Posted in Poetry

National Poetry Writing Month #28


On Things Forbidden

The dented bucket drew me here,
its galvanized metal long since rusted,
its edges unfurled and jagged,
a small, gray feather snagged
just where a handle once had been,
and still, by forces unknown to mere girls
just turned ten, a pool of muddy water
brimmed the pail, defying logic,
glinting the winter sun in blue
and yellow and white.

Propped next to the leaning shed,
past the blood-red signs that forbade
our entrance, the bucket belonged
to them, the couple who lived
in the big house half a mile from our
ten-acre spread, she of the long, flowing hair,
he of the peppermint sticks, cleft chin
and dimples.

Mirna, six years my senior, and her friends
would take picnics to the public lake,
in full view of the long drive that led
up to a world where parents didn’t spend nights
huddled over the Farmer’s Almanac
and bills unopened in piles,
all for the glimpse of them, smiles
on their faces, driving by in a slick coupe
with the top unfurled.

But it was January, and the crisp air
swirled around, kicking up dust,
our ever-present foe, and the lonely bucket

With careful steps, I skirted under barbed wire,
huddled toward the weathered wood
creaking in the wind and waited. Surely,
shiny, hidden things, the promise of all
forbidden places, would be there, just inside
the dark, broken building where even Mirna
would not go.

And then, hearing only my heartbeat
thrumming in my ears, their red tips burning
from the cold or my shame, I stepped
to the gaping hole where a door had been,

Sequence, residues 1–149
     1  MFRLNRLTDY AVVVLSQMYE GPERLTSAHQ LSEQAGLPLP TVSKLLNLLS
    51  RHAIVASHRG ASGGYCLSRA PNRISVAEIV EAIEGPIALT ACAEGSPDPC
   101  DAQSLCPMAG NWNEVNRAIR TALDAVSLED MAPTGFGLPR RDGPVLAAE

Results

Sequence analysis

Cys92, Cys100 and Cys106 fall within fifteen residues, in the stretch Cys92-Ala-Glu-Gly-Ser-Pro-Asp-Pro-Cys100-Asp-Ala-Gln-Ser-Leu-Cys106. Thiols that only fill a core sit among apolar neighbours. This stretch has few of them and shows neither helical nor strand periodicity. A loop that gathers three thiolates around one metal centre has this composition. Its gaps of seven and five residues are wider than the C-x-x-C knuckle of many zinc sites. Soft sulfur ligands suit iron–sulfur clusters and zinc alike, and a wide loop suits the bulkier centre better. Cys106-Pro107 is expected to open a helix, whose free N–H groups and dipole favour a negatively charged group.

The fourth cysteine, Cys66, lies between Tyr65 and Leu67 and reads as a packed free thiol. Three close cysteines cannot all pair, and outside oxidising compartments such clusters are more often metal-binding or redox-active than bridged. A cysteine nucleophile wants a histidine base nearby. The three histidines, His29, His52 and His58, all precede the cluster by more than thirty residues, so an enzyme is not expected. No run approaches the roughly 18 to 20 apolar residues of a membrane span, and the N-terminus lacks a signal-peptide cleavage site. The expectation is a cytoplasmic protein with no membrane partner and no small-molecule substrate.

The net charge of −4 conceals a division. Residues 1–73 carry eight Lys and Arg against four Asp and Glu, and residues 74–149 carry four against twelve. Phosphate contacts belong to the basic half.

the hinges flapping, and stuck one foot
past the threshold of no.

The bucket slapped its water patiently
as I stood with one foot shadowed, the dank
smell of dirt and rodent and rotten wood
sinking through my flared nostrils,
settling into the wool fibers tucked
inside my Mary Janes.

And then, across the barren fields
that separated us in ways ten-year-olds
know but do not understand, the woman’s voice,
full of laughter and promise, floated
to my burning ears, startled
something that skittered out of the dark
and sent me flying homeward,
where tucked in my bed that night,
I dreamed how the water
in the rusty bucket gleamed.

Ramona Levacy
April 28, 2013



I am a 40-something Texan with a feisty cat and a supportive husband of 20 years. With a Master's degree in English with an emphasis on creative writing, I have taught creative writing at Texas Tech, won awards for my writing and been blessed to be mentored by Horn Professor and poet Dr. Walt McDonald. I earn a living by helping my husband's family run a health food store, but my avocation is writing. I hope you enjoy reading about some of my triumphs and tragedies as I continue to work on figuring out what life is all about and on growing my ability to share my writing. May your own journey be a blessed one.

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